Concussions happen when an injury to the head causes the brain to strike the skull. Concussions can cause serious brain malfunctions, even though they rarely manifest themselves as external injuries. A concussion can range in severity from mild to critical, with the most extreme cases of concussion resulting in life-long problems, including memory loss. Recovery from a concussion injury can be a long, arduous, and expensive process.
The most common causes of concussion are car accidents, fights, industrial accidents, sports injuries, and falls. The severity of the concussion is usually directly related to the force of the blow to the head. A concussion''s seriousness also generally corresponds to the length of unconsciousness following the accident. Most people suffering concussion experience the most memory loss immediately following the injury that caused the concussion, and memory recovering in the time following is not uncommon. In some cases, however, the concussion causes memory damage that is not reparable.
If you or someone you know is injured and you suspect a concussion, look for the following signs: repetitive vomiting, unequal pupils, and confused mental state. Other concussion symptoms include varying levels of consciousness, seizure-like activity, weakness on one side of the body, and coma. Concussions can be nothing more than a mild annoyance, or they can result in life-threatening conditions. Any concussion victim exhibiting the above symptoms may be suffering brain damage as a result of their concussion, and should immediately receive medical attention.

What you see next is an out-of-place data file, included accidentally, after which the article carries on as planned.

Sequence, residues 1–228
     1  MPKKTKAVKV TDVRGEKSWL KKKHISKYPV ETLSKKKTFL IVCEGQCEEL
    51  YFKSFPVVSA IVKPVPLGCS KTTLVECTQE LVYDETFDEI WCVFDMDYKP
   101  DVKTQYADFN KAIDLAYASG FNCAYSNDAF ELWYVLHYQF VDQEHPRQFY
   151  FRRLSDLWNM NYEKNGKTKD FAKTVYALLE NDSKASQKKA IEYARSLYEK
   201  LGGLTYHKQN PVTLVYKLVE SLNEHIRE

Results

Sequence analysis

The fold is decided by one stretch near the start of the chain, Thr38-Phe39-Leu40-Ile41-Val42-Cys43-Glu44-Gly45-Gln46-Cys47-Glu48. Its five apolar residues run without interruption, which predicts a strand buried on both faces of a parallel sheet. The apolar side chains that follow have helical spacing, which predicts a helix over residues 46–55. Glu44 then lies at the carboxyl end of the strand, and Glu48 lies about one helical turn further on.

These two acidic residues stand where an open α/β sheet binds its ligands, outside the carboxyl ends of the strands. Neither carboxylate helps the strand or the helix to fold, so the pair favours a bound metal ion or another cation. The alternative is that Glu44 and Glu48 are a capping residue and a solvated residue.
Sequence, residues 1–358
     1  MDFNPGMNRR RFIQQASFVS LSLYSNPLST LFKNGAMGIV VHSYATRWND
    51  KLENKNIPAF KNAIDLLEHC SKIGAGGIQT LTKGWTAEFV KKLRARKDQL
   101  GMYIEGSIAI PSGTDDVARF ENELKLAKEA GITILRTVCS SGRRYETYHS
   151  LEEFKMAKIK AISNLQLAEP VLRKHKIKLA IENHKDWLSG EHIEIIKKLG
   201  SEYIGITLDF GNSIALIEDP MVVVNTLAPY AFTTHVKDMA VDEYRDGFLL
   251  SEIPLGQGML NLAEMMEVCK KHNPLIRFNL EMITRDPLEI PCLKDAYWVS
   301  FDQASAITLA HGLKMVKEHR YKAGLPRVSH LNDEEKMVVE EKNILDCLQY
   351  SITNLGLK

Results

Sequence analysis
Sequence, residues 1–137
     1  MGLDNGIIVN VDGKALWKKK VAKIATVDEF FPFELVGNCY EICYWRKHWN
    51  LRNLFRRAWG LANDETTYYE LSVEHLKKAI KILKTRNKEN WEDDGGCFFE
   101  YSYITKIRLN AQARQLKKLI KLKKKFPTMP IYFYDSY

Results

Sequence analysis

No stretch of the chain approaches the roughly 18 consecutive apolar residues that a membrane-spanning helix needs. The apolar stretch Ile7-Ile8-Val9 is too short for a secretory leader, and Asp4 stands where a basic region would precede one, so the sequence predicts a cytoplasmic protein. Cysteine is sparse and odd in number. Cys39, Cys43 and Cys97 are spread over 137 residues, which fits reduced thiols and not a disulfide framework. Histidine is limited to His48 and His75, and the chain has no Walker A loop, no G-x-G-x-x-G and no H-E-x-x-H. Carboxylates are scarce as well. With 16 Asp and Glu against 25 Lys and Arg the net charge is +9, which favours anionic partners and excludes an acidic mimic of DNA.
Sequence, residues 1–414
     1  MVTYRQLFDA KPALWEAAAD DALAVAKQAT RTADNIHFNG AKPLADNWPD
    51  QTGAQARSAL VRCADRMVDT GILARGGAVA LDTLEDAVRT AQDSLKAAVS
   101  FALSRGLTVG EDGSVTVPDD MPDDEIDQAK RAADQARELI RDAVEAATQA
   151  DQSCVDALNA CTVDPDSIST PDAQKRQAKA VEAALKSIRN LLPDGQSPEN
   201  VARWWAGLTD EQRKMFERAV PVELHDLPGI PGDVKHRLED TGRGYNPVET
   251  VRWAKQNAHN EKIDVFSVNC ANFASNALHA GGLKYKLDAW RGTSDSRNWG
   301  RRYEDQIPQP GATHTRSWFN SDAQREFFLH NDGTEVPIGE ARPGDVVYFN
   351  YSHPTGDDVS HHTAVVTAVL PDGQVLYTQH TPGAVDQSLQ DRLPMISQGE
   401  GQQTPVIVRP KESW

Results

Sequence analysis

The memory loss, inability to concentrate and other results of concussion injuries can adversely affect an individual's life, making everyday tasks impossible. If a concussion resulted from the fault or negligence of another, the party responsible for the concussion may be obligated to pay for medical fees, lost wages, and other damages associated with the concussion. Contact us to review your case and learn more about your rights.